done it. When I purchased the course I was under the impression the

animations were “still” pictures but they are actually long running MOVING

animations with which you can interact. Bob uses the word “Powerful” to

describe them and that’s exactly what they are. And there are a lot of

them. I don’t yet feel confident enough to tackle any actual repairs like

bushing. I’ll move on to that after I’ve reassembled the movement a few

more times. It has nothing to do with the course. It’s just that for me

things tend to sink in with a little practice.

Watch Repair - The watch repair course is great. The amount of information

is mind boggling. It would seem overwhelming if I actually had to know

everything Bob teaches just to service my own collection. The good news is

that I won’t. He covers basic dissasembly and reassembly of a watch first

then cleaning, changing mainsprings, staffing and the list goes on and on.

Most of my watches have only required a good cleaning and oiling in the

past. This seems to be far more common than all other repairs combined. So

I feel I’ll be able to put what I’ve been learning about cleaning and

basic maintenance to use right away and learn the more advanced techniques

over time. So far I dissasembled and almost reassembled an Elgin 16 size

movement last night but messed up putting the balance back into the watch.

Aligning the pallet fork with the roller jewel – yes, I learned those

names in the course – didn’t go well. My fault though. Bob showed me the

correct way to line things up but being my cocky self I didn’t feel it was

necessary. It was necessary. I called it a night and will tackle it again

the correct way this morning.

I ordered some watch repair and clock repair cleaning solutions, rinses

and oil the day after starting the course. They should arrive soon. I’m

going to try to do some cleaning so I will post the results in a few days.

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I have the bug! That’s the only way I can describe my recent infatuation

with antique clocks and pocket watches. Scouring ebay and other online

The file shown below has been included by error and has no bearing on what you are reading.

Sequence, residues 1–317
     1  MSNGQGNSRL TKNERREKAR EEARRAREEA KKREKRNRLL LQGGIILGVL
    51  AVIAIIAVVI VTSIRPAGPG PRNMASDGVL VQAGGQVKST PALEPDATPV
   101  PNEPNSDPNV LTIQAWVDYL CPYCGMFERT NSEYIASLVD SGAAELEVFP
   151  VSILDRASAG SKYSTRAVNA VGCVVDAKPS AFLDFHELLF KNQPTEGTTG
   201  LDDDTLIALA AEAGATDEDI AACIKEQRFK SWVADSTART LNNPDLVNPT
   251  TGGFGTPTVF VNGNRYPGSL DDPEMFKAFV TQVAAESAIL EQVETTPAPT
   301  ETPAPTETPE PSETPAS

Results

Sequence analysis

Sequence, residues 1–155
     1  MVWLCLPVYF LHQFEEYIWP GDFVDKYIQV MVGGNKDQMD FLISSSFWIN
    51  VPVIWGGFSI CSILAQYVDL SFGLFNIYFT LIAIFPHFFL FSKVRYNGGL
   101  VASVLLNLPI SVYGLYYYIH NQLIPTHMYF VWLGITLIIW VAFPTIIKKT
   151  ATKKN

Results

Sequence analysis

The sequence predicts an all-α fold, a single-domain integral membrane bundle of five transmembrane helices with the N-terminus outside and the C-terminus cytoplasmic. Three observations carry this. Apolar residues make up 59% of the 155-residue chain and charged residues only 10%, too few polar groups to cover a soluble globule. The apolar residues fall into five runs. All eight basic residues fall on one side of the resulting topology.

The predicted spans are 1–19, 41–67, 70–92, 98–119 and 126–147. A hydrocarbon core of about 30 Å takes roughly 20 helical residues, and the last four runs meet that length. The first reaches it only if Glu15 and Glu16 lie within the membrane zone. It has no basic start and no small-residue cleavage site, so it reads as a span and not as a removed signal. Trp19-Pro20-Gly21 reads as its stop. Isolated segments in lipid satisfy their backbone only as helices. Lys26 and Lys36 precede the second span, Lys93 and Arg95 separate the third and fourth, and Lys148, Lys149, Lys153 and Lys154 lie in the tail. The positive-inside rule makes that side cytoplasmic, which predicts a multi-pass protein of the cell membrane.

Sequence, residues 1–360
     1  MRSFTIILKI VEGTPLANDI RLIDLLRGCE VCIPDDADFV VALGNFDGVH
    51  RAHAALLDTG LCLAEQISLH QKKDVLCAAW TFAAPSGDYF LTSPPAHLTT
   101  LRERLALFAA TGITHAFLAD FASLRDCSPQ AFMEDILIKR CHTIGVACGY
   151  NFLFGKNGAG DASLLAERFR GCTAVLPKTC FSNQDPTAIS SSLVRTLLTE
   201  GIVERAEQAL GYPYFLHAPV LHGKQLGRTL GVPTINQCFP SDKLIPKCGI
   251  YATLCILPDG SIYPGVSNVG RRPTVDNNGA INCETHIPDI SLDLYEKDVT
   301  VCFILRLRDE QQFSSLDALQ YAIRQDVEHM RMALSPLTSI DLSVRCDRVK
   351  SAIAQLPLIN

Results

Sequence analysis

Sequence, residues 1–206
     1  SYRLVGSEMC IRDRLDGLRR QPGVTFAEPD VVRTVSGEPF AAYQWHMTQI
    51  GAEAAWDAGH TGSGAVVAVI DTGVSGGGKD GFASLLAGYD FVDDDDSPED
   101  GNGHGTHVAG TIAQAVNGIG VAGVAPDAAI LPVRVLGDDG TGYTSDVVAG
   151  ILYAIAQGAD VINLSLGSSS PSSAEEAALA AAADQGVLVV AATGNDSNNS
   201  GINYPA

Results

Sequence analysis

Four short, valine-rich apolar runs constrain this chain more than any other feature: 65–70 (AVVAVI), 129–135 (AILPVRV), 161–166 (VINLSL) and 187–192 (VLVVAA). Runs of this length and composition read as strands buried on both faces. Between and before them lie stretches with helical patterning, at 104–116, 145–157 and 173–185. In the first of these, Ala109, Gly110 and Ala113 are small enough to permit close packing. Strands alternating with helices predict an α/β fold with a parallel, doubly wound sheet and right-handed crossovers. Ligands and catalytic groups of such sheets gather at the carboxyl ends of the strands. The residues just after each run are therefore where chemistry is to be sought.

auction sites into the wee hours of morning I find myself stalking some

gleaming, ticking mechanical wonder that I just must add to my collection.

I now have twelve beautiful clocks and 22 – soon to be 23 – pocket

watches. Not bad for a two year collecting spree.
Problem is they don’t all run properly and the cost for a decent watch

repair or clock repair has often run more thaan the cost of the timepiece.

Well, bye bye great deal!
So it was time to consider the possibility of servicing my own collection.

I did some searching online and came accross a couple of watch repair and

clock repair courses. The Tascione course caught my attention because I

read some good stuff about Bob Tascione and his online courses on a few

other clock and watch websites. He’s been teaching both clock and watch

repair for over 20 years. I liked the fact that he offered a course called

“The Ultra” which included both the clock repair course and the watch

repair course for a big discount. I like discounts. I also liked the

online aspect as I had some lousy experiences with shipped DVDs in the

past. Also The Tascione website said that I would have immediate

access…and I was raring to go.

I must say I was a bit skeptical of the low prices. I like low prices but

how much good info was I actually going to get? Was I being sucked into a

quick little down and dirty “how to repair clocks and watches but don’t

ever attempt it” course? Like it says on the website sales material you

can pay more for a book on the subject than for the entire course – which

I’ve already done – I figured it was worth a go. Well, I spent about four

hours last night completely absorbed by the Tascione courses. The amount

of information and the way Bob presents it is surprising. I’ll write more

about the courses after working with them for a couple more days. A lot of

information to absorb. So far though I’m very impressed with the material

and presentation.